Both semesters flew by before my doubts and misgivings about learning physics had a chance to take hold. I remember commenting then, to my instructor and my group, that this was the first learning experience I had ever had where I was given the tools to find connections between the individual concepts I was learning. I knew that I needed this and that it was essential to my understanding, but had only made novice attempts at it on my own the day or so before a major exam. In this problem-based learning class, we were being asked to pool our collective wisdom, guide each other through rough spots and make connections to related concepts and to the larger framework of physical principles and theories on a daily basis. The textbook and the instructor became ready resources. These resources became more valuable to us as we progressed, largely because we had learned what questions to ask of them to find the missing pieces of our understanding.

Now, two years later, I have the wonderful experience of being just such a resource in an introductory biology class. I am a peer tutor for a group of students not only new to problem-based learning, but also new to college life. I still find myself asking a lot of questions, but this time with the aim of helping the students identify what they still need to know to the solve the problem at hand. In this class the tutors give gentle prods to keep their groups on course, they ask questions about issues that might otherwise get overlooked and they keep a close eye on group dynamics. Even as a tutor, I still feel like an integral part of the group; my presence doesn't interrupt the flow of the group and I am not expected to hold the definitive answer to every puzzle in the living world. When I'm not confident of the "answers" myself, I can at least give the group members suggestions as to where to find them. (Four years of wandering about Morris library and running computer searches have not been in vain!) I have learned a lot of biology this year; things I studied when I was a first-year student that are easier to understand now that they've been given a more active, more realistic context. I know that the students in this class will see these concepts again in later classes and will be as glad as I am now to have this framework to build upon.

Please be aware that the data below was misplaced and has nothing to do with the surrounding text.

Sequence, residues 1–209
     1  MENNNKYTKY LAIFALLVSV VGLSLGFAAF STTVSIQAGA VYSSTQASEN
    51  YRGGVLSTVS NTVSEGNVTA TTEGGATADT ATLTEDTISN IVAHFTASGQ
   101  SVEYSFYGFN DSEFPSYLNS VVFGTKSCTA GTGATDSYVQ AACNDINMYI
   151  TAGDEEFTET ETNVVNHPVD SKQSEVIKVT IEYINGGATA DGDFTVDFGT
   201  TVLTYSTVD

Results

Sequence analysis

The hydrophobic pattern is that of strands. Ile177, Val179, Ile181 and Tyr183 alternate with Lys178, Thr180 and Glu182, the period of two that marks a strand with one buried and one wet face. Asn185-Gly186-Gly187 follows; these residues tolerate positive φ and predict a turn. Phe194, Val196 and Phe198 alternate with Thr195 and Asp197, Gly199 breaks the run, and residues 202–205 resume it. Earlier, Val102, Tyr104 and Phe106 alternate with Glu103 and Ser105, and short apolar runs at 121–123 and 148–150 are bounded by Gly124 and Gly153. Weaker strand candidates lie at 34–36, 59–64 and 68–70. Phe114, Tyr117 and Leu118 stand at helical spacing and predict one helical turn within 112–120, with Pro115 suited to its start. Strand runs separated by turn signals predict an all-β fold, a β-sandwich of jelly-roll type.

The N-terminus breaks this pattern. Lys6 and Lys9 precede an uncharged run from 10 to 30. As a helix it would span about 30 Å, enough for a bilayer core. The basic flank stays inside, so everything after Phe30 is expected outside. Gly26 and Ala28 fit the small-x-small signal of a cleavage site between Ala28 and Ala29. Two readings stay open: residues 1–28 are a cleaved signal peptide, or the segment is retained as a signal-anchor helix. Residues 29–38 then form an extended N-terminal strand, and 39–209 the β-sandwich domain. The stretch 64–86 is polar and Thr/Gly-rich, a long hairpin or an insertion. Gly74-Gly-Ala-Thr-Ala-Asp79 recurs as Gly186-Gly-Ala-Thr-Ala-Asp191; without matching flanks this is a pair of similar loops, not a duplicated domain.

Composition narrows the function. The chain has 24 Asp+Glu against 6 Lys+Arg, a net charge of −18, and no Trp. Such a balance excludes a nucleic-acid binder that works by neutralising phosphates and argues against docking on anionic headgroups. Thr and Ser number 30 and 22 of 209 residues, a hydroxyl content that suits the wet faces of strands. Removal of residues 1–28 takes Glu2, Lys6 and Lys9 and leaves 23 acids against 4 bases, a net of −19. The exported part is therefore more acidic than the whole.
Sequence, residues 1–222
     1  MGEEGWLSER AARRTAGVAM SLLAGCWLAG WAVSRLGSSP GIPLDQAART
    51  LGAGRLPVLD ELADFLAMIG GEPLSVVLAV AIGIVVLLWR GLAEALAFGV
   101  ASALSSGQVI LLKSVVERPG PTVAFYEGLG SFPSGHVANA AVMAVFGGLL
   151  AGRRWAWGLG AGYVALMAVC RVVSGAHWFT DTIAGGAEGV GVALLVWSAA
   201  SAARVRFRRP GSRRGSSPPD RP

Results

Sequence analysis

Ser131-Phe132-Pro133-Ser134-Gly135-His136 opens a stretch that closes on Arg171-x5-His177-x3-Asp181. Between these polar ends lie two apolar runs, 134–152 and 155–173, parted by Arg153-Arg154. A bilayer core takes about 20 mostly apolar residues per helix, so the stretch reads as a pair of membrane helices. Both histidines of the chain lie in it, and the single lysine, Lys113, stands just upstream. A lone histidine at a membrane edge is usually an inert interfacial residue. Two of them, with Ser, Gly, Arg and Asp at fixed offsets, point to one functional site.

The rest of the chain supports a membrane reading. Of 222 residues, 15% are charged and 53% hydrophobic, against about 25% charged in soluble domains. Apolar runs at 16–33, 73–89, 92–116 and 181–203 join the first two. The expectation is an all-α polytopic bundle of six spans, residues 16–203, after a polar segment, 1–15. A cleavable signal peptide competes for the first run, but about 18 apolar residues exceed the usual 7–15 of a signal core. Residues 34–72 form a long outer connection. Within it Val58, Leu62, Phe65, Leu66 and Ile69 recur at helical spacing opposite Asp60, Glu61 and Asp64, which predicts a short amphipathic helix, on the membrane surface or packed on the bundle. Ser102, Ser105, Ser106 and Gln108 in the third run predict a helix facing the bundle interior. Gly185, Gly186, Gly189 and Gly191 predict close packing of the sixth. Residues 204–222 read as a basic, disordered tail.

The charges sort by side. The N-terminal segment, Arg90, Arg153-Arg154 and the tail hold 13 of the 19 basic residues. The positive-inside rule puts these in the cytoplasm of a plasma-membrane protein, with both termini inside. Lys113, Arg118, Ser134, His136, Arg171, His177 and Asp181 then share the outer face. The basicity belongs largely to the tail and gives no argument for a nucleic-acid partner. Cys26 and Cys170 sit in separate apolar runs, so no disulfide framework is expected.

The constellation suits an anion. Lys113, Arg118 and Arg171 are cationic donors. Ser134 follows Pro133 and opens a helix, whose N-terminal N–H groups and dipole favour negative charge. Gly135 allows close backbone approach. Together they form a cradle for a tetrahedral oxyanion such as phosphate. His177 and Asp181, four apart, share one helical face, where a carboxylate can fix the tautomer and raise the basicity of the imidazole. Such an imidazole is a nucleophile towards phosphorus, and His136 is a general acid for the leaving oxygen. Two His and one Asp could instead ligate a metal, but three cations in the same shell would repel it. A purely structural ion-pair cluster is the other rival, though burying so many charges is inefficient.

-- Jennifer Johnson (EDGR)


Students as Peer Tutors: What a Bright Idea

Case studies are used during the last quarter of the tri-listed course "Biotechnology: Science and Socioeconomic Issues." One of our challenges in implementing PBL and case studies was to find a way to facilitate each group of students with a limited number of qualified facilitators (instructors), and yet avoid unmanageably large numbers of students per group. This past year an honorÕs section was created with the objective of training students to be peer tutors for the case study groups in the regular section. Our approach for training students to be peer tutors involved; 1) the "science" behind problem-based learning (PBL) (what it is and how it works), 2) experience working through a case study (one they would later peer tutor), and 3) creating a case study. From our point of view the case studies ran very smoothly. We noticed that the small group size allowed all students to be more actively involved with the case studies. Students appeared to be more relaxed with peers as tutors compared to faculty as tutors. Trish Westenbroek, a sophomore honor's student in the course, had the following comments about her experience as a peer tutor for PBL:

Last fall, I registered for the honors section in "Biotechnology: Science and Socioeconomic Issues." I did not realize that I would soon be a "peer tutor" for the class. In the honor's section, I learned about PBL. This included reading the theory behind this form of teaching. My views were, initially, quite skeptical toward PBL, but have since changed.

The change began as I actually started to work with a group. I was nervous about being a peer tutor, since some students in my group were actually older then me. However, the groups worked hard at finding their own answers to questions. They turned to me for help when the problems really stumped them, and to check that they were on the right track. For me, it was an experience to see everyone working together, solving a case study. The different views that emerged when working on a solution were interesting, but even more fascinating was how the group brought their ideas together. I did use some of the guidelines from the PBL readings when working with my group, but many times I interacted with the group instinctively.

Based on my experience, I feel that PBL is a great new way of teaching. I do, however, feel that some traditional teaching has its benefits with some lecture or discussion focusing student learning. PBL helps students learn to solve problems in a "real world" atmosphere. The combination of the two techniques maximizes learning ability and social interaction, which is important in the world today.

-- Sherry Kitto, Plant and Soil Sciences
-- Lesa Griffiths, Animal and Food Sciences
-- Trish Westenbroek (AGSO)


"http://www.udel.edu/pbl/cte/spr96-tutor.html"
Last updated Feb. 20, 1997.
Copyright Center for Teaching Effectiveness, Univ. of Delaware, 1996.